Saturday, April 27, 2013
Play by Play
One of the great disappointments of this year’s Oscar nominations was the absence of the French film Holy Motors from all the categories. The film had left most critics salivating at the Cannes Film festival and scored rave reviews especially for its unique perspective of its art-imitating-life plot.
It starts subtlety by juxtaposing the cinematic experience as is now—persons silently watching a movie—to how it will be in the futuristic manner director Leos Carax chooses by having our protagonist Oscar (Denis Lavant) literally jump into his ‘role’, seemingly inside the movie theatre. Oscar wakes up; puts on his glasses and forces open a door that leads to a flashing light. He passes through another door and lands right in a stunning shot of him, towering above the movie-goers while a giant dog prowls the aisles. Carax’s homage to film becomes immediate yet lurking beneath this abundance of rich imagery is human passion itself and self-sacrifice, the type that, like the dog, goes unnoticed and unappreciated.
Oscar is an actor who gets chauffeured around to his roles in a white limo that’s driven by Celine (Edith Scob) who clearly doubles as his personal assistant. The limo too serves a double purpose—a dressing room, where he changes costumes, a place to apply make-up and rehearse lines for his next project. We follow as he changes into an old crone begging beside the Seine; a crazed, barefoot troublemaker in an ill-fitting green suit kidnapping an American model (played by Eva Mendes) during a photo shoot and carrying her away as if he were Quasimodo; a hit-man hired to kill his doppelgänger; a father concerned for his daughter's safety; and the cheerful leader of an accordion band performing in a candlelit church.
As with most French directors though, Carax uses everything compressed in Holy Motors to mean something else or serve as a heavy dose of symbolism. The limo ride is clearly the path all actors have to take and Oscar’s many roles seeping into each other exemplifies the interchangeability of an actor’s work. These are the obvious points but one would have to be versed in Carax’s own previous works and influences to pick out the rest.
Just like The Artist before it, Holy Motors is an expose on artistic insight and the metamorphosis that has taken place. The film moves at a sinewy pace, dragging cinematic changes as it goes along to the point where the audience can no longer tell the difference between acting and the real thing. Oscar himself is slowly losing grip on his own reality, a point reinforced when he accidentally runs into a former lover Jean (Kylie Minogue) and the tenderness they share reminiscing. As they roam the street, you realize this is real even if the invisible cameras are never shut out. He quizzes her on her appearance (is is really hers or for a role) and carries her up steps where she belts out a tune before getting into character and jumping to her “death”. Oscar’s sense of reality betrays him after he just barely manages to get out of the scene in time to see Jean’s lover racing up the stairs in pursuit of her. As Oscar strolls out, both bodies are on the ground, Jean’s brains splattered along with blood. He loses it and races for his limo. For a terrifying second, you can’t help but think that, at last, Carax is about to unravel some hidden meaning to Holy Motors but instead it soldiers on fully aware that its appeal is its aloofness.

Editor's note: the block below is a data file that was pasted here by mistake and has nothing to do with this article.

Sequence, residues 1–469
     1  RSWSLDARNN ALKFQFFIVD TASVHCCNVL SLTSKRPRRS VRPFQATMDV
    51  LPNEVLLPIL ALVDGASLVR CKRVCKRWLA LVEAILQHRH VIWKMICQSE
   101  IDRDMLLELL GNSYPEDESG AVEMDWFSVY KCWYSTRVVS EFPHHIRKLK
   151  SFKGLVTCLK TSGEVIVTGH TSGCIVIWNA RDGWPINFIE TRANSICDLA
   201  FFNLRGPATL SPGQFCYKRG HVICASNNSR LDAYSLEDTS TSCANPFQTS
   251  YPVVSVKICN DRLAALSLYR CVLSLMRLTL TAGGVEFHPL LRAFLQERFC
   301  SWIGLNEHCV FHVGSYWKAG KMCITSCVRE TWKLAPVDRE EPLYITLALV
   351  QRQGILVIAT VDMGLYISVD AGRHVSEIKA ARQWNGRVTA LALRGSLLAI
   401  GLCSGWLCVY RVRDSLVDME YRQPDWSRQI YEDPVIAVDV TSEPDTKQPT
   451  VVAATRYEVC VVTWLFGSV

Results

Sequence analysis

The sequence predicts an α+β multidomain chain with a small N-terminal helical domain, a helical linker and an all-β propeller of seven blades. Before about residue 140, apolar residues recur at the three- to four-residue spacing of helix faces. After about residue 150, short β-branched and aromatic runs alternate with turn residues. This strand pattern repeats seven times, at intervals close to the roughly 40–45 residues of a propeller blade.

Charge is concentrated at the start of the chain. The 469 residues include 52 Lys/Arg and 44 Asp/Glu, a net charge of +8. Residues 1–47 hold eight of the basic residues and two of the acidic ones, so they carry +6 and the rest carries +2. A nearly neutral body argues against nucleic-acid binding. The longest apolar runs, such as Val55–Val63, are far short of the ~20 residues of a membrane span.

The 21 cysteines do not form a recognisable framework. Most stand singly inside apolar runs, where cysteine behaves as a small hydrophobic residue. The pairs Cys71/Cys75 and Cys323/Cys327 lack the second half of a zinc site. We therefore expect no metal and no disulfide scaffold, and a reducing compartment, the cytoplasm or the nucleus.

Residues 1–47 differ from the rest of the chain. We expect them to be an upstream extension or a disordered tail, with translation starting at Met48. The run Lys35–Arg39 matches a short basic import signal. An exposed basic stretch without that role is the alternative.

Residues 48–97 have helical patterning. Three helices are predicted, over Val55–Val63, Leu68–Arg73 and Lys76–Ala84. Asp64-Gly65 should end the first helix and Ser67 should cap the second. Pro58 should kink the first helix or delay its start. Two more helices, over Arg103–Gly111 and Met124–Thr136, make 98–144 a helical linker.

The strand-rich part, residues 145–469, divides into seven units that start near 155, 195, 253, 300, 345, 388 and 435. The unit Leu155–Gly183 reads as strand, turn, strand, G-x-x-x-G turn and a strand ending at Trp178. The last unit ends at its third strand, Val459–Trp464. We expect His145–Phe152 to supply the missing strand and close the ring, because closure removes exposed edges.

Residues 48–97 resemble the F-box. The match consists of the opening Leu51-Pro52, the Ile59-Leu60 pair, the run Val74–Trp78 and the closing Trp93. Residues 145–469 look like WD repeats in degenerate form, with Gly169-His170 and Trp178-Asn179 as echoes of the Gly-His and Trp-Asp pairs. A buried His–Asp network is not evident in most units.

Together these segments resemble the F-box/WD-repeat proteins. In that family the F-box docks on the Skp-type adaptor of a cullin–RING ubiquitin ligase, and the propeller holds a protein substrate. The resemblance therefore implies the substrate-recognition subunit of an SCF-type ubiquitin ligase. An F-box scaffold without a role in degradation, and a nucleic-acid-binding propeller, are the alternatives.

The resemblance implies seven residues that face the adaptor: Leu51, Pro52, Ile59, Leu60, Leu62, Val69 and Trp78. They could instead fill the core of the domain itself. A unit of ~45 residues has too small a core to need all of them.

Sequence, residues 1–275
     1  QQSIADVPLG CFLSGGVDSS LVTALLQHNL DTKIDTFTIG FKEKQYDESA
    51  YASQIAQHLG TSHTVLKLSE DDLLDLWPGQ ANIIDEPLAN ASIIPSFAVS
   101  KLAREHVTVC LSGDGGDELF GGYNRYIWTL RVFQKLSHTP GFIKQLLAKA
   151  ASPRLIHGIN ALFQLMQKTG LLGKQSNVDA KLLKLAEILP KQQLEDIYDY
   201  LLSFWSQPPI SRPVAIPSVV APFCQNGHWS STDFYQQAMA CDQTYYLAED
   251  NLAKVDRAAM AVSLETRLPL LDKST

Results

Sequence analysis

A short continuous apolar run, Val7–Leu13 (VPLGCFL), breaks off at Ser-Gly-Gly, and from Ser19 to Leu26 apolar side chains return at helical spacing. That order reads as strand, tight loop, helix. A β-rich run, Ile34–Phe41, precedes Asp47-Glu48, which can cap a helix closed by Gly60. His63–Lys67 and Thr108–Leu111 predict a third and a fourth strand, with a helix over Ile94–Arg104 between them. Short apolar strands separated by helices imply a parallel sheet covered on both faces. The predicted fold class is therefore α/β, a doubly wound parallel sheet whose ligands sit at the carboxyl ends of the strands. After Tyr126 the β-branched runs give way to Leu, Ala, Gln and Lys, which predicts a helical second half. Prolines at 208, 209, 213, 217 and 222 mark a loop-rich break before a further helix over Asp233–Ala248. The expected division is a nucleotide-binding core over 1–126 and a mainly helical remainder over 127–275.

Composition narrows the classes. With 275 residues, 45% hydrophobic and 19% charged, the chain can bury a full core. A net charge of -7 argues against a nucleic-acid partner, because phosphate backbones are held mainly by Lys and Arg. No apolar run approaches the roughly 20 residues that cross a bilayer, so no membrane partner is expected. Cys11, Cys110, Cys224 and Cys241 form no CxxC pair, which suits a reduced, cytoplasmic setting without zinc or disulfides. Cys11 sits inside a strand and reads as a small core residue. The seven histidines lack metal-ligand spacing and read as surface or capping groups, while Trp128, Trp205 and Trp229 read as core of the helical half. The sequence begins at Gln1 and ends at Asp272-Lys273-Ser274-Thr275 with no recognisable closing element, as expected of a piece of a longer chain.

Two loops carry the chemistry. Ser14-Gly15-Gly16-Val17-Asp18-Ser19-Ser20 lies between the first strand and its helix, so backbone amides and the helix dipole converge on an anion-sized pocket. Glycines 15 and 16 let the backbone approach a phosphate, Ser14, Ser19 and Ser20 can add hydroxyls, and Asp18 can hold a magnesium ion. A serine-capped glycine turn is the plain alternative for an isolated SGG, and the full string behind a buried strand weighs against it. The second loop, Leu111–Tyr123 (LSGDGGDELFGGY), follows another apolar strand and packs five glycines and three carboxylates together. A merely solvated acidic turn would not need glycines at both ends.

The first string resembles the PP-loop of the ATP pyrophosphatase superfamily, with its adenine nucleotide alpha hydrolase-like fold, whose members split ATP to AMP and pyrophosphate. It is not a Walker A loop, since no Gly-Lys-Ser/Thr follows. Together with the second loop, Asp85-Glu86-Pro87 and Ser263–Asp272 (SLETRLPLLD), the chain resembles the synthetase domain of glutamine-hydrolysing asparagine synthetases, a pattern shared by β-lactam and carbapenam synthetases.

This aloofness is spurred on by the final two scenes: Oscar reaching “home’ to his pet gorilla and saying goodnight to Celine. She drives away, signaling the end of the day and eventually parks at Holy Motors, which we can see is the hub for the vehicles. She gets out joining the other such drivers, hair down and puts on a green mask. “I’m coming home”, she whispers into a cell phone and strolls out of our sight. As the lights go out to leave us pondering if Celine is unto her own acting adventure, Carax arrests us again with a bit of magical realism. The limos begin to speak to each other and the moral point of the film becomes clear.
Depending on your patience and appreciation for art-house films, this will either spoil or enhance your opinion of Holy Motors. It is visually stunning but life as viewed through Carax’s lens is unending and repetitive. It’s also secretive and resigned to fate, only the limos of the industry grouse openly about where next film will leap to and if it will need them anymore. Already the film shows how, like high definition (HD), enhanced and real the viewing experience is and how much more people want from it. Oscar, like the other weary actors are only starting to suspect what Carax built this gem around: when people get what they want, they never really want it the same way ever again.